1 or more stunningly gorgeous hummingbirds
See the setup:
Ethics of Flash Photography and Hummingbirds
The ethics of using flash photography with animals and birds is something which I have spent considerable time researching before I comfortably employed these techniques with hummingbirds. I am highly conscientious of being a good steward of our natural world and wanted to understand any impact this method of photography may have on birds before engaging in this type of photography.
Of the current information I located on the web, there are diverse opinions, but a lack of peer-reviewed, published scientific studies available on this topic. Virtually none of the articles I located involve birds and flash photography; however studies that looked at fish and reptiles indicated daytime use of flash photography resulted in little or no negative impact.
It is important to note that though hummingbirds were not included in the study, the intensity of light used in the studies below appears greater than that which hummingbird photography requires. A lengthy meta-search of research abstracts resulted in these two articles which most closely aligned with my interests:
Huang, B., Lubarsky, K., Teng, T., & Blumstein, D.T. (2015). Take only pictures, leave only…fear? The
effects of photography on the West Indian anole Anolis cristatellus. Current Zoology 57(1), 77-82.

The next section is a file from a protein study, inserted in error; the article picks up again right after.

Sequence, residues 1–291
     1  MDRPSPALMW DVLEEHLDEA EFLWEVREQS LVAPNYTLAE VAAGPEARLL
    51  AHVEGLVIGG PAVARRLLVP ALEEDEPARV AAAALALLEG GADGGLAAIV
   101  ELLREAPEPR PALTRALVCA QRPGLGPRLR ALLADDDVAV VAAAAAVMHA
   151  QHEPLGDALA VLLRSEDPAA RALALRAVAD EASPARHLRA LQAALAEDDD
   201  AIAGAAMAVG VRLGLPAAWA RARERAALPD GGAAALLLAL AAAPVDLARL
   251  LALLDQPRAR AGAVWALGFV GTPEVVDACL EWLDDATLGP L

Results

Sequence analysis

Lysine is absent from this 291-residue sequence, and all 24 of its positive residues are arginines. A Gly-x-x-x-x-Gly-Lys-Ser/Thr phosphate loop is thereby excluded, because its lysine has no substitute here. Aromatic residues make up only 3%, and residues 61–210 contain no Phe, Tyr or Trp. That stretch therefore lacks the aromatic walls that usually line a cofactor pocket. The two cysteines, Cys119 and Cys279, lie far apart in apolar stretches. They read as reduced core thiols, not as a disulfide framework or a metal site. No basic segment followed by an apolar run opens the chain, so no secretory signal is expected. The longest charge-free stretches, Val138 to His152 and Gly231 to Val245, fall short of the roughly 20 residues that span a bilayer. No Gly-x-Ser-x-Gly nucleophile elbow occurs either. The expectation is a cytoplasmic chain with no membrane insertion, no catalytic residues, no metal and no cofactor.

De Brauwer, M., Gordon, L.M., Shalders, T.C., Saunders, Archer, M., Harvey, E.S., … Mcllwain, J. (2019).
Behavioural and pathomorphological impacts of flash photography on benthic fishes. Scientific
Reports, 9 (Article 748). Retrieved from https://www.nature.com/articles/s41598-018-37356-2
I also reviewed the work of Dr. Graham Martin (Professor Emeritus, University of Birmingham and a leading Ornithologist focused on avian vision and sensory science) and Dr. Jack Pettigrew, (Professor Emeritus and Director of the Vision, Touch and Hearing Research Center at the University of Queensland in Australia. Both are leading researchers who have expressed possible concern for flashing nocturnal creatures such as owls, but I have been unable to locate any research or commentary which suggests low-power flashes are detrimental during daylight hours.
Lastly, I have my own observations:
The hummingbirds that come in to feed do not appear disturbed by the flashes. In fact, they return frequently throughout the day to feed at the setups. On very few occasions I have observed a mild “startle” response at a flash, but the bird goes back to feeding in less than a second and subsequently makes continued return trips to the feeders without further startling behavior. One final note, I do not employ high-speed repeated flashing when shooting (e.g., 3-4+ flashes per second). Though the technology is capable of doing so, I choose not to.
ClickCon 2020 Circle the Dates!!
It's rare that a first year conference has the power that ClickCon brought to the industry this past August.
The dates have been announced for 2020 at the Palmer House in Chicago. August 11-14!
What a kick!
Check out "Why?" one of the most popular features on the SCU Blog. It's a very simple concept - one image, one artist and one short sound bite. Each artist shares what makes the image one of their most favorite. We're over 100 artists featured since the project started. Click on the link above and you can scroll through all of the episodes to date.